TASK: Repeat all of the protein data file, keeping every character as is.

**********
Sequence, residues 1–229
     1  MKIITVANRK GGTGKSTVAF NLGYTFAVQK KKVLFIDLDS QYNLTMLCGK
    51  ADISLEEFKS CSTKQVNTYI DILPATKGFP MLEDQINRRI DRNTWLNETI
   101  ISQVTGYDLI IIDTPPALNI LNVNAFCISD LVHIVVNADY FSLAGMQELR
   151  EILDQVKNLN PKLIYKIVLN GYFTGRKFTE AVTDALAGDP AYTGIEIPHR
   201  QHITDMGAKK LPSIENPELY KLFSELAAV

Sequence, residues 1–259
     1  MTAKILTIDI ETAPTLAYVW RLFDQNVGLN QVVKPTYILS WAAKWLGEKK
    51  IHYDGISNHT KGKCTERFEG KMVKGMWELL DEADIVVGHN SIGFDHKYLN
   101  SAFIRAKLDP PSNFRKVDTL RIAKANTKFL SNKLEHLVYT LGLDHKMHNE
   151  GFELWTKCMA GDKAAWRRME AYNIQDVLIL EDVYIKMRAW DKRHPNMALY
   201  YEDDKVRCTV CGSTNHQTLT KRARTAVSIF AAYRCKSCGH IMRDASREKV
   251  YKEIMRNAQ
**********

Sequence, residues 1–229
     1  MKIITVANRK GGTGKSTVAF NLGYTFAVQK KKVLFIDLDS QYNLTMLCGK
    51  ADISLEEFKS CSTKQVNTYI DILPATKGFP MLEDQINRRI DRNTWLNETI
   101  ISQVTGYDLI IIDTPPALNI LNVNAFCISD LVHIVVNADY FSLAGMQELR
   151  EILDQVKNLN PKLIYKIVLN GYFTGRKFTE AVTDALAGDP AYTGIEIPHR
   201  QHITDMGAKK LPSIENPELY KLFSELAAV

Sequence, residues 1–259
     1  MTAKILTIDI ETAPTLAYVW RLFDQNVGLN QVVKPTYILS WAAKWLGEKK
    51  IHYDGISNHT KGKCTERFEG KMVKGMWELL DEADIVVGHN SIGFDHKYLN
   101  SAFIRAKLDP PSNFRKVDTL RIAKANTKFL SNKLEHLVYT LGLDHKMHNE
   151  GFELWTKCMA GDKAAWRRME AYNIQDVLIL EDVYIKMRAW DKRHPNMALY
   201  YEDDKVRCTV CGSTNHQTLT KRARTAVSIF AAYRCKSCGH IMRDASREKV
   251  YKEIMRNAQ